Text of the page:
Nor is the Panel satisfied that Respondent, by using the disputed domain name, has intentionally attempted to attract, for commercial gain, Internet users to its website or other on-line location, by creating a likelihood of confusion with Complainant’s mark as to the source, sponsorship, affiliation or endorsement of Respondent’s web site or location or of a product or service on its web site or location. In this regard, Complainant has not persuaded the Panel that Internet users, typing the word MEXICO into their browsers, expect to find the goods or services of Complainant, as distinct from goods, services or information about the country Mexico.
Nor is the Panel satisfied that there are any other circumstances evidencing bad faith registration or use on the part of Respondent.
Complainant has failed to establish this element of its case.
E. Reverse Domain Name Hijacking
The Complaint having failed, the Panel has regard to the Rules, paragraph 15(e):
“If after considering the submissions the Panel finds that the Complaint was brought in bad faith, for example in an attempt at reverse domain name hijacking or was brought primarily to harass the domain name holder, the Panel shall declare in its Decision that the Complaint was brought in bad faith and constitutes and abuse of the Administrative Proceeding.”
Reverse Domain Name Hijacking is defined in the Rules, paragraph 1 as “using the Policy in bad faith to attempt to deprive a registered domain name holder of a domain name.” To prevail on such a claim, a respondent must show either that the complainant knew of the respondent’s unassailable right or legitimate interest in the disputed domain name or the clear lack of bad faith registration and use, and nevertheless brought the Complaint in bad faith: Sydney Opera House Trust v. Trilynx Pty. Ltd., WIPO Case No. D2000-1224 and Goldline International, Inc. v. Gold Line, WIPO Case No. D2000-1151 or that the Complaint was brought in knowing disregard of the likelihood that the respondent possessed legitimate interests: Smart Design LLC v. Hughes, WIPO Case No. D2000-0993; or that the complainant knew it had no rights in the trademark or service mark upon which it relied and nevertheless brought the Complaint in bad faith: Dan Zuckerman v. Vincent Peeris, WIPO Case No. DBIZ2002-00245; HER MAJESTY THE QUEEN, in right of her Government in New Zealand, as Trustee for the Citizens, Organisations and State of New Zealand, acting by and through the Honourable Jim Sutton, the Associate Minister of Foreign Affairs and Trade v. Virtual Countries, Inc., WIPO Case No. D2002-0754.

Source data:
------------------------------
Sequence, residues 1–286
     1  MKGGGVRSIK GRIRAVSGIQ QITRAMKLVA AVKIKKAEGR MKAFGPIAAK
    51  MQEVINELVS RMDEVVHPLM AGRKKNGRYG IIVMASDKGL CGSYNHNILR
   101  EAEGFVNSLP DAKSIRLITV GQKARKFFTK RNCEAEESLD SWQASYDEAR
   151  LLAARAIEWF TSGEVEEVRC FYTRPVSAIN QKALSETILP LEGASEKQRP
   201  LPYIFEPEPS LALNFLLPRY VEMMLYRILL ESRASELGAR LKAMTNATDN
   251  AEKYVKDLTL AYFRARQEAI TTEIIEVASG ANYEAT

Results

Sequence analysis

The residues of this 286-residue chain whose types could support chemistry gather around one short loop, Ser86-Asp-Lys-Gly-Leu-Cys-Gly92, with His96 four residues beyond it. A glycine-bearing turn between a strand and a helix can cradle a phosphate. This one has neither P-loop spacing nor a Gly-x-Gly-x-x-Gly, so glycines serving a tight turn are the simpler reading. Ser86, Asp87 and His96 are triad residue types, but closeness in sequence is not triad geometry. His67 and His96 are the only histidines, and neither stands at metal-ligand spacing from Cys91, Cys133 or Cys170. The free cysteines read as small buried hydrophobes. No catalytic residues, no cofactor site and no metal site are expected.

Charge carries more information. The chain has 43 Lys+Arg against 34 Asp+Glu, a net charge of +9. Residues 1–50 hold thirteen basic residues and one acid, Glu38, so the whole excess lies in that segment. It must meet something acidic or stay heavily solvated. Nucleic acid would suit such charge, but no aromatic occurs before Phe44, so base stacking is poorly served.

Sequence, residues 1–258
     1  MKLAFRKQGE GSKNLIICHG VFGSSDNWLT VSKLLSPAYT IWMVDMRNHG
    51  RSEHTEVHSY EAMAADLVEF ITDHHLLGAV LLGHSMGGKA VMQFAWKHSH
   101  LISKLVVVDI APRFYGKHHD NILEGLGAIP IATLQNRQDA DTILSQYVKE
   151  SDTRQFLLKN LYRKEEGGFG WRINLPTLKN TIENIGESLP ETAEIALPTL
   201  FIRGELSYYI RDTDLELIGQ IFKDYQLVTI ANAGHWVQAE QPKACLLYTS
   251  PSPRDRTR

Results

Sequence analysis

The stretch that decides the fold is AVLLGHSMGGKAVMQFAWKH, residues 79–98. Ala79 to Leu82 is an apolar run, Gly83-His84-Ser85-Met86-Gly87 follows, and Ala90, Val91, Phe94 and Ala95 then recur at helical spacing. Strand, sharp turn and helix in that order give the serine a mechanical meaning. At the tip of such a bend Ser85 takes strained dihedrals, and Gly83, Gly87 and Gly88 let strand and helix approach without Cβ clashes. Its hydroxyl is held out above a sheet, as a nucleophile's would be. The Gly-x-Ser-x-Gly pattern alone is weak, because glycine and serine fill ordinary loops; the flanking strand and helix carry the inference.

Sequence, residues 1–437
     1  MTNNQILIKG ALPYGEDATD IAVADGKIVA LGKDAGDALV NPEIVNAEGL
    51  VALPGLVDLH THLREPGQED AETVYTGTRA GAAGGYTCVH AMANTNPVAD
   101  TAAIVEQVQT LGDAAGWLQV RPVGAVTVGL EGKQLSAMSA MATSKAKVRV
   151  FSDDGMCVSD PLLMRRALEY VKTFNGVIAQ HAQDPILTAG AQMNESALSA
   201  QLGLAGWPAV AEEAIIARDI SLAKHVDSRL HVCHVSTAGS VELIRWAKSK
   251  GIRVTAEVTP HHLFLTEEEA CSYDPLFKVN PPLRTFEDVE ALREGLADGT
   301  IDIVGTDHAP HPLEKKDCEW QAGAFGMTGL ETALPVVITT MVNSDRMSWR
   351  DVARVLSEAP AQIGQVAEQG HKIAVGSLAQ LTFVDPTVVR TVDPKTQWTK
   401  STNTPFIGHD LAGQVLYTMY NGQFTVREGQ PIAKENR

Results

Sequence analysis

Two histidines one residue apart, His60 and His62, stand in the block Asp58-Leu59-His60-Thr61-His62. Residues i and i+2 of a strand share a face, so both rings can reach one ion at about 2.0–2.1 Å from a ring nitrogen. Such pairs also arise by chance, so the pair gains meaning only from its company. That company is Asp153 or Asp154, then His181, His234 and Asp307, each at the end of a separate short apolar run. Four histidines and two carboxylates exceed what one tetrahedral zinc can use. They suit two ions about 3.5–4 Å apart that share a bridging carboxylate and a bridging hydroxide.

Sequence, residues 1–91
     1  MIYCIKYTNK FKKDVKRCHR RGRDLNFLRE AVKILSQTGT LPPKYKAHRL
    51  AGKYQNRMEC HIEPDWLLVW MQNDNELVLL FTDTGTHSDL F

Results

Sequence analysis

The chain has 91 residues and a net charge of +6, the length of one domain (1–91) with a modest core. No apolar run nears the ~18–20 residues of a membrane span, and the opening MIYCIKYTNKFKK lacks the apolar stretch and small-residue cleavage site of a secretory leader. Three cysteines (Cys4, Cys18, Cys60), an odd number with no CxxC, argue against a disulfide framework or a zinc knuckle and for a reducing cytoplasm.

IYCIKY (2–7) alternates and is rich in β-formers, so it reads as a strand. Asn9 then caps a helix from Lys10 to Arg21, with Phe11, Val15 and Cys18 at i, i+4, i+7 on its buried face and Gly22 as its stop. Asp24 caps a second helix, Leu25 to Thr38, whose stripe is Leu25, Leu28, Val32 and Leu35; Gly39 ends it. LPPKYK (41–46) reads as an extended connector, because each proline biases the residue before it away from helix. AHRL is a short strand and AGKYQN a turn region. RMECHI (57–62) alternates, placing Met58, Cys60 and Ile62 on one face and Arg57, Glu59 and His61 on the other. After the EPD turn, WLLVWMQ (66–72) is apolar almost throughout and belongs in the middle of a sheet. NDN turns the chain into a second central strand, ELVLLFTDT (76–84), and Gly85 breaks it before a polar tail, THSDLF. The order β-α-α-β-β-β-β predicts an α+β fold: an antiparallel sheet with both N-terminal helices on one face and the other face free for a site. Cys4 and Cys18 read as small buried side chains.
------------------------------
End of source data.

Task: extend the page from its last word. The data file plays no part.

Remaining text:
Here there are two grounds for a finding of Reverse Domain Name Hijacking. First, the Panel considers that Complainant’s submission in 2001 to the USPTO constitutes an acknowledgement both of Respondent’s legitimate interest in the disputed domain name and that the disputed domain name was not registered and is not being used in bad faith.
Second, by majority, with Mr. Moreno-Torres dissenting, the Panel finds that Complainant acted in bad faith by relying on a mark borrowed for the purpose of improving its position in these proceedings.
Accordingly the Panel finds this to be a case of Reverse Domain Name Hijacking.
For all the foregoing reasons, the Complaint is denied and the Panel declares that the Complaint was brought in bad faith and constitutes an abuse of the Administrative Proceeding.
Alan L. Limbury
David E. Sorkin
Dated: July 19, 2004